In the wake of the documental discoveries of the past two decades on Yasawi’s teaching and tradition, the author treats the significance of a Persian-language treatise, the “Delights of the Holy Breaths” by the scholar of Sunni Islam and apologist of the Yasawiyya Muhammad ‘Alim Shaykh al-Siddiqi al-‘Alawi ‘Aliyabadi (1564-1633/4), known through his own work, testimonies (in Abu Tahir Khwaja’s Samariyya, among others), and some modern studies (eg., Devin DeWeese, “The Yasavi Order and Persian Hagiography in Seventeenth-Century Central Asia: Alim Shaykh of Aliyabad and His ‘Lamahat min nafahat al-quds,’” in Leonard Lewisohn, ed., The Heritage of Sufism, 3: Late Classical Persianate Sufism (1501-1750), Oxford: Oneworld Publications, 2000: 389-414).  The article successively evokes ‘Alim Shaykh’s education—notably his initiation with Pirim Shaykh (d. 1598) in Samarqand—, his personality—with reference to his activity as a mosque and madrasa builder in Samarqand and ‘Aliyabad—, his wedding (with a granddaughter of Shaykh Khudaydad (1461-1532)) and his family—mentioning the establishment of his sons at the Mughal court under Shah Jahan and Awrangzeb—, the circumstances of the writing of the Lamahat in 1624 for the apology of the the Yasawi shaykhs and of the dhikr-i jahr—the work containing information on the “holy sayings” and deeds of the prominent figures of the Sultaniyya-Jahriyya path from the eleventh to the seventeenth century (with insistence on key notions such as faqr, tawakkul, futuwwat, ‘ilm-i laduni, etc.).  The last paragraphs on the Lamahat’s audience and influence sheds light on the  Shaybanid ruler’s interest in Yasawi studies, and on the echo granted to ‘Alim Shaykh’s thought by his disciples’ work (see notably the Takmila-yi lamahat by his khalifa Khwaja Fath-Allah ‘Azizagi).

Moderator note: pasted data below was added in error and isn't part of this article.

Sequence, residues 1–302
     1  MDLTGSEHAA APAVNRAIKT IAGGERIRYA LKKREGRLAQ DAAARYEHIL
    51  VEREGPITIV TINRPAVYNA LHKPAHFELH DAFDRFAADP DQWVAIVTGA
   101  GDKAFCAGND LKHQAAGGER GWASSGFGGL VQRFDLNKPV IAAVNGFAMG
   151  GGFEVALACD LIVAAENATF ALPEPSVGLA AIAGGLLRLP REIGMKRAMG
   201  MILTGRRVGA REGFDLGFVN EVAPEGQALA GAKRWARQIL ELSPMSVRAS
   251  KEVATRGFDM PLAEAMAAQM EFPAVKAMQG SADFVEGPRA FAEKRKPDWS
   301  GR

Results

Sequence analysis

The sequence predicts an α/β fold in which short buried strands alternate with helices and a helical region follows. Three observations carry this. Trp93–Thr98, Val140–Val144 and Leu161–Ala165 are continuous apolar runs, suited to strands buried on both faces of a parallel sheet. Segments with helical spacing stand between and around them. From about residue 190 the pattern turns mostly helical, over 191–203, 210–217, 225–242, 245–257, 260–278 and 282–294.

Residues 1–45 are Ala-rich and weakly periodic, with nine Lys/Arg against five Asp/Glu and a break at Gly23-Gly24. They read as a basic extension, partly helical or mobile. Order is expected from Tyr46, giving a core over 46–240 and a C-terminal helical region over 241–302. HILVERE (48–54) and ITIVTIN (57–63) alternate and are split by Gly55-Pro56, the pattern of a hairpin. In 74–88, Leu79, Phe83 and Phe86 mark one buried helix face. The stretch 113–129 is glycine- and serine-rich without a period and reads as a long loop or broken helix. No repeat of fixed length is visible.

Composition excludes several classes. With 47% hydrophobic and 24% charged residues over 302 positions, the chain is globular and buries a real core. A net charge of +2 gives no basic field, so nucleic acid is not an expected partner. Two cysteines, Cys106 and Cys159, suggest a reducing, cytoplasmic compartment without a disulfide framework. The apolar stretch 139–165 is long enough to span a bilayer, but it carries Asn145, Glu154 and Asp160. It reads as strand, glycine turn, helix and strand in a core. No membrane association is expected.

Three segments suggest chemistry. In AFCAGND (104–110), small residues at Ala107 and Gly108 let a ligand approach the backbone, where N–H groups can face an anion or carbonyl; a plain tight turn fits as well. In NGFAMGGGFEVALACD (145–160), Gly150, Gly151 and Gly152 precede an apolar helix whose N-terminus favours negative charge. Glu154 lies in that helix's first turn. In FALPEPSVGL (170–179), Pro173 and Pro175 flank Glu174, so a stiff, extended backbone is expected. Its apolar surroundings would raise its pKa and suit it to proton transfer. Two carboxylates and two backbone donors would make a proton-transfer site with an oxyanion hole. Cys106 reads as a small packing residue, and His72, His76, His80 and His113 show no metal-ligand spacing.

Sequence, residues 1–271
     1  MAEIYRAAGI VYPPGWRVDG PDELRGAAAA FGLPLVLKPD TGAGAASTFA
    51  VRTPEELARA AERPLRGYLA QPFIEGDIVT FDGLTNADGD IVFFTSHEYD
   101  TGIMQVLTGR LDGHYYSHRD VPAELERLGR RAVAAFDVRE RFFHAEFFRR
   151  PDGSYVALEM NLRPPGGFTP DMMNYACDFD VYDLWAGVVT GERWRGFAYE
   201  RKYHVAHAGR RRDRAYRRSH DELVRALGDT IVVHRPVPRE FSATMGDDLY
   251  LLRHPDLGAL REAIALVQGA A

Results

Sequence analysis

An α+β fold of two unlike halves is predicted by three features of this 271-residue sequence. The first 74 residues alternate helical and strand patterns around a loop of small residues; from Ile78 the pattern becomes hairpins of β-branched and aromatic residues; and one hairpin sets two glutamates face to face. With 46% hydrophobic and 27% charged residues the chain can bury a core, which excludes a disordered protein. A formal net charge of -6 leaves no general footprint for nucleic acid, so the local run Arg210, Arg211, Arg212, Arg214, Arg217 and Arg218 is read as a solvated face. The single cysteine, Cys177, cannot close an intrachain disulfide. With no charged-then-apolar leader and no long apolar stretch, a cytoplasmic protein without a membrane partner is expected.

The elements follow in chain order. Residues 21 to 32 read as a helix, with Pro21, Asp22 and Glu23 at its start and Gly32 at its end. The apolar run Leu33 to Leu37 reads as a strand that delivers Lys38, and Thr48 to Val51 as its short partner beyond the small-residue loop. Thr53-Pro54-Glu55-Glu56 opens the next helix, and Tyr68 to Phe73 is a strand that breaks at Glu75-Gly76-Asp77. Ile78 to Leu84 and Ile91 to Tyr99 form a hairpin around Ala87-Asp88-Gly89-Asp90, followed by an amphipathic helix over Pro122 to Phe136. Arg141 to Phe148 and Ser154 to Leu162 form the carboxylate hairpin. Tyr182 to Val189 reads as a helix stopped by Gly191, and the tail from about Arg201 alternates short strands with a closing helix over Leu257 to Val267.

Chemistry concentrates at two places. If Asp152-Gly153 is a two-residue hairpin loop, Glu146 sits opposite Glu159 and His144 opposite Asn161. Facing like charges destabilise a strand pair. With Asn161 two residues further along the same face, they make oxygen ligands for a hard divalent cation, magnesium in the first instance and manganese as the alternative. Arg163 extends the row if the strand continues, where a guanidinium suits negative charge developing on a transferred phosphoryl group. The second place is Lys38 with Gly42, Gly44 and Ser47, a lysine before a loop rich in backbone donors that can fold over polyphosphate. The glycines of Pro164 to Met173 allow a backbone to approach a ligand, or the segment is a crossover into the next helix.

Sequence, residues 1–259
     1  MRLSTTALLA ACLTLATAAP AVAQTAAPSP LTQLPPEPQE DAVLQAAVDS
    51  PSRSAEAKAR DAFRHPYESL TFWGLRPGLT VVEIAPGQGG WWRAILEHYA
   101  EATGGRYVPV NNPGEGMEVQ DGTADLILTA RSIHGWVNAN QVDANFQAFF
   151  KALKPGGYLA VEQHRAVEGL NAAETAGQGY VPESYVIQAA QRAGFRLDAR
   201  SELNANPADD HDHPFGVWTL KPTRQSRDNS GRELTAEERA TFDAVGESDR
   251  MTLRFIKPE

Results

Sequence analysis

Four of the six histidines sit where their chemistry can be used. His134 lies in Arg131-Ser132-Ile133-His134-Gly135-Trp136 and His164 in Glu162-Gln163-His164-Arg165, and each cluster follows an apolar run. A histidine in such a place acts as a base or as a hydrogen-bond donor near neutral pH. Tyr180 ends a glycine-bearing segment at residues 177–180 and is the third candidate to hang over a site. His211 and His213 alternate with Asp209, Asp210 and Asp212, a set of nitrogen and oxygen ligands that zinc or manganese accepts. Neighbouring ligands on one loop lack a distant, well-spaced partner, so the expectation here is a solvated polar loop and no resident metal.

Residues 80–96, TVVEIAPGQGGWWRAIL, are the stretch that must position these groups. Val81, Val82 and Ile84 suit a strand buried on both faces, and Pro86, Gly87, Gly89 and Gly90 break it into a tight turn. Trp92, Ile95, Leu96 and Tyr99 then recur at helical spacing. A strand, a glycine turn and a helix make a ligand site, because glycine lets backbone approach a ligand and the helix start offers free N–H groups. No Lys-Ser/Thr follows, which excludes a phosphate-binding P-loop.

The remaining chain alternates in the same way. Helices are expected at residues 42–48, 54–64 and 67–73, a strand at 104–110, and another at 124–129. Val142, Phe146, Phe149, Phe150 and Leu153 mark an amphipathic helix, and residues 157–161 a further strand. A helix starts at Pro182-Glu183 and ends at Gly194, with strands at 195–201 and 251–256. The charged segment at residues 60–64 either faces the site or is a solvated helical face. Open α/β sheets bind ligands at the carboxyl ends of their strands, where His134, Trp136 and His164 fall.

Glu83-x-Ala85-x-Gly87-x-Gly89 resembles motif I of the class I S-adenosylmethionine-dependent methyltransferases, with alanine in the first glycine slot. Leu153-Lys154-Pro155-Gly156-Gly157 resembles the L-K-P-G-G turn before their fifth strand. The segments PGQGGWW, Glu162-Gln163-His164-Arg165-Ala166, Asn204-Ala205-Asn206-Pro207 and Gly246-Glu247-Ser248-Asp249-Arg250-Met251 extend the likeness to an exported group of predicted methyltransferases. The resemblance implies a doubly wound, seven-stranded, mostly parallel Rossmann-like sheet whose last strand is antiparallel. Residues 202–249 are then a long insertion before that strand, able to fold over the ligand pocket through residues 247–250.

Stéphane A. Dudoignon, National Centre for Scientific Research, Paris
CER: I-5.3.D-475